Post Summary: Visiting Great Smoky Mountains National Park
Rolling mountain hills rise out of the smoky like fog, this scene is one of the highlights of Great Smoky Mountains National Park. This HUGELY popular national park is one of the gems of the eastern National Parks.
Visiting Great Smoky Mountains National Park should be on your bucket list no matter what. As one of the most popular national parks, planning ahead is an important part of planning a trip to Smoky Mountains.
Here is the National Park Obsessed guide for visiting Great Smoky Mountains National Park, Tennessee / North Carolina
- The Quick Guide to Great Smoky Mountains National Park
- Map of Great Smoky Mountains National Park
- Great Smoky Mountains National Park Basics
- Land Acknowledgment for Great Smoky Mountains National Park
- Why is the park called Great Smoky Mountains?
- Fun Facts about Great Smoky Mountains National Park
- National Park Obsessed’s Detailed Guides to Great Smoky Mountains National Park
The Quick Guide to Great Smoky Mountains National Park
Map of Great Smoky Mountains National Park
This is the official park map. It provides a general overview of the park and popular attractions such as Cades Cove and Clingmans Dome are marked. Click here to download a PDF of the Great Smoky Mountains National Park Map.
Great Smoky Mountains National Park Basics
Park Size: 522,419 acres (816.28 sq miles) (2,114.16 sq km)
Location: Swain and Haywood counties in North Carolina; Sevier, Blount, and Cocke counties in Tennessee
Closest Cities: Gatlinburg and Townsend, Tennessee; Cherokee, North Carolina
Busy Season: May to September
Visitation: 12,547,743 (in 2019)
Official Website: Click Here.
How much does Great Smoky Mountains National Park Cost?
Great Smoky Mountains National Park does not charge an entrance fee.
When is Great Smoky Mountains National Park Open?
Great Smoky Mountains National Park is open year-round.
Are dogs allowed in Great Smoky Mountains National Park?
Yes, pets are welcome in Great Smoky Mountains National Park but are limited to developed areas such as roads, parking areas, picnic areas, and campgrounds. Pets are not allowed on most of the trails in the park. Please review the Great Smoky Mountains Pet Policy before bringing your dog to Great Smoky Mountains.
Where are Great Smoky Mountains National Park’s visitor centers?
Cades Cove Visitor Center – Open Year Round
Oconaluftee Visitor Center – Open Year Round
Sugarlands Visitor Center – Open Year Round
Clingmans Dome Visitor Contact Station – Open Year Round
Land Acknowledgment for Great Smoky Mountains National Park
The National Park known as Great Smoky Mountain National Park sits on S’atsoyaha (Yuchi) and ᏣᎳᎫᏪᏘᏱ Tsalaguwetiyi (Cherokee, East) land. Today, the Eastern Band of Cherokee Indians has a smallholding of land along the southern boundary of the park. This area is known as the Qualla Boundary and consists of land purchased by the Cherokee in the 1840s and 1850s.
Thank you to the Native Land Digital for making the ancestorial land claims accessible to all. Native Land Digital is a registered Canadian not-for-profit organization with the goal to create spaces where non-Indigenous people can be invited and challenged to learn more about the lands they inhabit, the history of those lands, and how to actively be part of a better future going forward together.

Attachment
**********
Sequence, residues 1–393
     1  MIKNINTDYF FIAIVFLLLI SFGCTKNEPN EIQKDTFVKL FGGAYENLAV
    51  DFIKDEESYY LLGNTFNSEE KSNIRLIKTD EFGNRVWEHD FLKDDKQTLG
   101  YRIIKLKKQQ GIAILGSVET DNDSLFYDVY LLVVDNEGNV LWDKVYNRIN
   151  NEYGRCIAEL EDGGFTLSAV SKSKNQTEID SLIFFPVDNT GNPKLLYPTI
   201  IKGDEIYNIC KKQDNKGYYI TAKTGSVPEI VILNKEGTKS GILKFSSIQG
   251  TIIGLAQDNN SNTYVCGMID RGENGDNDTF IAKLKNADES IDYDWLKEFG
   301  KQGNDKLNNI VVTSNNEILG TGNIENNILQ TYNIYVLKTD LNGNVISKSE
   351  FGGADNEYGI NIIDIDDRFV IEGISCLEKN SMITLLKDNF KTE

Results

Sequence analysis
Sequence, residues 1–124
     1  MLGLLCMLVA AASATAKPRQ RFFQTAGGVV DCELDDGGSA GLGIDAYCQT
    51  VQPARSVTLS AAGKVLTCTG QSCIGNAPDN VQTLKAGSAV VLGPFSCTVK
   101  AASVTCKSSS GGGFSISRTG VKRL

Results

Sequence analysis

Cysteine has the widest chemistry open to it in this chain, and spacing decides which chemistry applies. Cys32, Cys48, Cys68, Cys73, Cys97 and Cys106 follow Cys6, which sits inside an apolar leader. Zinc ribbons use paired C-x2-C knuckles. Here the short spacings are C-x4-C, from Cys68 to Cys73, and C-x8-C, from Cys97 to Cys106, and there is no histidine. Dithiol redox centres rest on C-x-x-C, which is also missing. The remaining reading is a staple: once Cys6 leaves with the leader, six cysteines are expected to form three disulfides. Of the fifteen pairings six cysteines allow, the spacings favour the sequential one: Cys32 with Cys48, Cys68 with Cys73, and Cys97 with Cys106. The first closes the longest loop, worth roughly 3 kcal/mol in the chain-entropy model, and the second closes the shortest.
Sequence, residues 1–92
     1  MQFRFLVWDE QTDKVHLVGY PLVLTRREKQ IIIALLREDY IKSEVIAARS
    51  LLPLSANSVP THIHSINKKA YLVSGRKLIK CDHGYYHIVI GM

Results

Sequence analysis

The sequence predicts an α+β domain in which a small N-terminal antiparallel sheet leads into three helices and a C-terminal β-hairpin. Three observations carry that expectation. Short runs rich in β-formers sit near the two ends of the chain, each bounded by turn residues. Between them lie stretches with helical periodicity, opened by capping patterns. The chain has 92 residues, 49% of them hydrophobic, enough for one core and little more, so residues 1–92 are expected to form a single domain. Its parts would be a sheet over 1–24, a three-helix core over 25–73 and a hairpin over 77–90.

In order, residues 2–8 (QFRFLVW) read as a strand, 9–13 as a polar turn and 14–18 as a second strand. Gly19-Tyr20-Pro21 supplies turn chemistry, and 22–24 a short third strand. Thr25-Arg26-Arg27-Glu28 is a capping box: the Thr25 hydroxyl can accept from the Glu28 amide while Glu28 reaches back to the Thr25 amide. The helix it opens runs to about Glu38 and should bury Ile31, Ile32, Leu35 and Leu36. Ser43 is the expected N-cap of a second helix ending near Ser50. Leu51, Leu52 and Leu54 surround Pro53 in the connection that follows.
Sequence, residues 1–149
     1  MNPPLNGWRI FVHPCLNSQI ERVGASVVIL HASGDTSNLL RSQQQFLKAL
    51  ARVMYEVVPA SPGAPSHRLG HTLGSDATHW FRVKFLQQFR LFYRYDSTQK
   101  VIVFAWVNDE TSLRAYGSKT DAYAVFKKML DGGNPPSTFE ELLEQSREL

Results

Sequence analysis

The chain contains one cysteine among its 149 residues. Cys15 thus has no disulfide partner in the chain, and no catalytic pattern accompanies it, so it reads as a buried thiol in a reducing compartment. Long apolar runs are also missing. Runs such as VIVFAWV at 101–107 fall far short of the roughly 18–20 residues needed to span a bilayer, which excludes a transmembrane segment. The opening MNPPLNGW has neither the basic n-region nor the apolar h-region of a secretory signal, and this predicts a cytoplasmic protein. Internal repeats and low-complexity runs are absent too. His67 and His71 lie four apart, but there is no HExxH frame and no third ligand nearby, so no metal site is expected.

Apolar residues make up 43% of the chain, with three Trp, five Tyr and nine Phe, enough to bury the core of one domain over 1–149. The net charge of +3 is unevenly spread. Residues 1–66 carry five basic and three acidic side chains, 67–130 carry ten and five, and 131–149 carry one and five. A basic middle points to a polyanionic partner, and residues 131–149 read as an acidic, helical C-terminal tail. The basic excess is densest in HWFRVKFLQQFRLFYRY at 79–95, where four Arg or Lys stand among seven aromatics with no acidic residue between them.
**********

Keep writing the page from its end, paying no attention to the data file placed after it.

When was Great Smoky Mountains National Park Created?
Great Smoky Mountains National Park preserves a vast expanse of the southern Appalachian Mountains ecosystem including its scenic beauty, extraordinary diversity of natural resources, and rich human history, and provides opportunities for the enjoyment and inspiration of present and future generations.Great Smoky Mountains National Park Foundation Document
By the early 1920s almost two-thirds of what is today Great Smoky Mountains National Park had been logged or burned due to logging operations. Local business and early visitors to the region realized that the area’s natural beauty was being systematically ruined. Around the same time, the National Park Service was looking to create a southeastern National Park. The groups worked together and got Great Smoky Mountains National Park authorized in 1926.
There were limited federal funds to acquire land and donations were raised to purchase the land including a $5 million dollar donation from John D. Rockefeller. The parkland was acquired piece by piece and the park was officially established on June 15, 1934.
Great Smoky Mountains National Park was designated an International Biosphere Reserve in 1976. It was certified as a UNESCO World Heritage Site in 1983, and became a part of the Southern Appalachian Biosphere Reserve in 1988.
Fun Facts about Great Smoky Mountains National Park
- Great Smoky Mountains National Park is home to some of the worlds oldest mountains. The Appalachian Mountain Range is estimated to be between 200 and 300 million years old
- The Smokies is the most biodiverse national park in the National Park System. Over 19,000 species have been documented within the park; including at least 40 species of trees, 65 species of mammals, 200 varieties of birds, 67 native fish species, and more than 80 types of reptiles and amphibians.
- Great Smoky Mountains National Park is known as the “Salamander Capital of the World”. There are over 30 species in the park.
- Great Smoky Mountains National Park is the MOST visited National Park in the US. It is also one of the most visited National Park units. (More information on the difference between a National Park and a National Park Unit)
- About 30% of the US population lives within 500 miles of the park.
- Great Smoky Mountains has more than 800 miles of hiking trails, 2,900 miles of streams and has preserved more than 90 historical structures.
- The highest peak in the park is Clingmans Dome at 6,643 feet.
- The Appalachian Trail visits Clingmans Dome, marking the highest point along its 2,200-mile journey from Springer Mountain, Georgia to Katadin, Maine.
- Great Smoky Mountains National Park is the first national park to be purchased with federal funds.
- The only accommodations in the park is the LeConte Lodge which was built in 1926 and gets it’s supplies via Llama trains.
- Since 1931, over a half billion people have visited the park.
National Park Obsessed’s Detailed Guides to Great Smoky Mountains National Park